Union Gas' home service employees create a presentation combining tips on cooking, fashion and homemaking and take the show on the road. They'll visit 82 high schools across southwestern Ontario and stage the presentation for more than 23,000 students. In the fall of 1968, Union Gas opens a combined administrative and service building in London. For the first time, annual sales top 100 billion cubic feet, ending the fiscal year at 100.1 billion cubic feet.

      1969

      During the decade, annual sales have grown from 31 billion in 1960 to 112.5 billion cubic feet by 1969. After opening its new London facility the year before, construction begins on a similar facility in Windsor.

    • It will be a different world by the time the Sixties end. The good times of the 1950’s are replaced with the upheaval of the cultural revolution, the emergence of the civil rights and feminist movements, political assassinations, the Vietnam War and youth activism around the world. And, as the decade nears its end, man will walk on the moon for the first time.

      1960

      US Senator John Kennedy defeats Vice President Richard Nixon to become the youngest President of the United States. Canada's Parliament approves the Canadian Bill of Rights and the Elections Act is amended so that Canada's status Indians would not be required to give up their treaty rights in order to vote in federal elections.

      1961

      CIA agents for the US launch a disastrous invasion of Cuba at the Bay of Pigs heightening tensions between the US and Cuba. In Liverpool, a group called The Beatles performs for the first time at the Cavern Club.

      1962

      Canadians get universal health care for the first time when the Medical Care Insurance Act takes effect. US astronaut John Glenn becomes the first American to orbit the earth. In February, the US bans Cuban imports and exports a month after Cuba signs a trade pact with the Soviet Union. In October, a US spy plane takes photos of the Soviet Union installing nuclear weapons in Cuba, sparking the Cuban Missile Crisis and a standoff between the US and Soviet Union that threatens the world with nuclear war.

      1963

      In world is shocked by the November assassination of US President John F. Kennedy and the murder days later of his assassin Lee Harvey Oswald. It's a good year for the Maple Leafs - they beat Detroit Red Wings to win the Stanley Cup.

      1964

      Canada gets new flag - the single red maple leaf on a white background between two red bars. The US signs the Civil Rights Act but that doesn't stop the racial tension growing in many American cities. And the 'British Invasion' and Beatlemania begin with an appearance by the Beatles on the Ed Sullivan show.

      1965

      The US sends 3500 Marines to South Vietnam as their first combat troops of the Vietnam War. Civil Rights demonstrators clash with police in Selma, Alabama on Bloody Sunday. Days later, in response to events in Selma, US President Lyndon Johnson sends a bill to Congress that becomes the basis of the Voting Rights Act of 1965.

      1966

      People were still wearing the styles of the 1950's until 1966 when the mini-skirt changed everything. Influenced by fashions from London's Carnaby Street, skirts rose way above the knee and both men and women started sporting colourful flowers, stripes and the designs now considered iconic Sixties fashion.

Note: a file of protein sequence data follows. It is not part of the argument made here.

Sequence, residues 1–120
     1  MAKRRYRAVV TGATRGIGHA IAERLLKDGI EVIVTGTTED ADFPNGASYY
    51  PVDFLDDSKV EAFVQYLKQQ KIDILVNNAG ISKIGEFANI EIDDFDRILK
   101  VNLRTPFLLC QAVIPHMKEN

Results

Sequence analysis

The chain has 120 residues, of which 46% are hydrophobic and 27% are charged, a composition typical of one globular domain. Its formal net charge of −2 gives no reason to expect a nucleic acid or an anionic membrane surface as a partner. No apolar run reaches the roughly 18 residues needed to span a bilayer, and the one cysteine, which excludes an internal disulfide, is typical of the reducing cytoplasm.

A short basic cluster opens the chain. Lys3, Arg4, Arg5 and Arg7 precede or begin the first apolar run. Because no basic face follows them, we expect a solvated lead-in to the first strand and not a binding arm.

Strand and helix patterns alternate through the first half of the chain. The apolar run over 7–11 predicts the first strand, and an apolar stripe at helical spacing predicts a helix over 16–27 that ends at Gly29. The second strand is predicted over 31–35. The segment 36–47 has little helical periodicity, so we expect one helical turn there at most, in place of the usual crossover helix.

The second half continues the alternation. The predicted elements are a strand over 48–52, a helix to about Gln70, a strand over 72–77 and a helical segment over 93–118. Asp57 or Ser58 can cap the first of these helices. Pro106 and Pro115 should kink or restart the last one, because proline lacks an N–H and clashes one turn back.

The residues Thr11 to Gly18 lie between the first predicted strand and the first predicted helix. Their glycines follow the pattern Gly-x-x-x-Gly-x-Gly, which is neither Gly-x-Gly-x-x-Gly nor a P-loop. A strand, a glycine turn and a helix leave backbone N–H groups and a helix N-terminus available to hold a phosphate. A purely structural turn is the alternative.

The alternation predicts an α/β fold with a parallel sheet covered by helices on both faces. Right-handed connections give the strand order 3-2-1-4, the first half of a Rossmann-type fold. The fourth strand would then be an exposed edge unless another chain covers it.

1967

      Canada celebrates its Centennial. Our population reaches 20,500,000 and Centennial events are staged throughout the country. The primary Centennial celebration is Expo 67 in Montreal, which attracts 50 million visits between April and October and is considered the most successful World’s Fair of the 20th century.

      1968

      The assassination of Martin Luther King Jr. unleashes race riots in the US. Months later, Americans are in mourning again after the assassination of John F. Kennedy's brother, Senator Robert Kennedy who was running for president. In Canada, Trudeaumania captures national attention and sweeps the flamboyant Pierre Elliot Trudeau into power with a majority Liberal government.

      1969

      On July 21, 1969 US astronaut Neil Armstrong becomes the first person to set foot on the moon. Stepping out of the lunar landing module, he puts his left foot on the surface of the moon and famously says, "That's one small step for man, one giant leap for mankind."

  • Our Company
    World Events
    • The decade is challenging for Union Gas as it overcomes the threat of takeover, labour unrest, supply concerns and even a major disaster in its service territory. Growth continues though and Union Gas employees are hailed as heroes by the time the decade ends.

      1970

      Union Gas successfully thwarts a takeover bid from rival Consumer's Gas, which serves customers in Metro Toronto, eastern Ontario, Quebec and New York State. The Union Gas Board of Director’s vigorously oppose the takeover and notify shareholders they'll advise the Ontario Energy Board the bid should be denied. The Ontario government settles the matter in July when it Cabinet announces it will not approve Consumers' application.

      Union Gas begins testing natural gas vehicles (NGV) and attracts interested crowds when it displays Union Gas trucks testing the fuel at fairs and exhibitions.

      1971

      Union Gas opens an office in Calgary to keep in closer touch with the oil and gas exploration it has initiated three years earlier. To keep employees and their families better informed about the company, Union Gas replaces 'The Gas Line' publication with 'The Pilot' and mails the newsletter to employees' homes.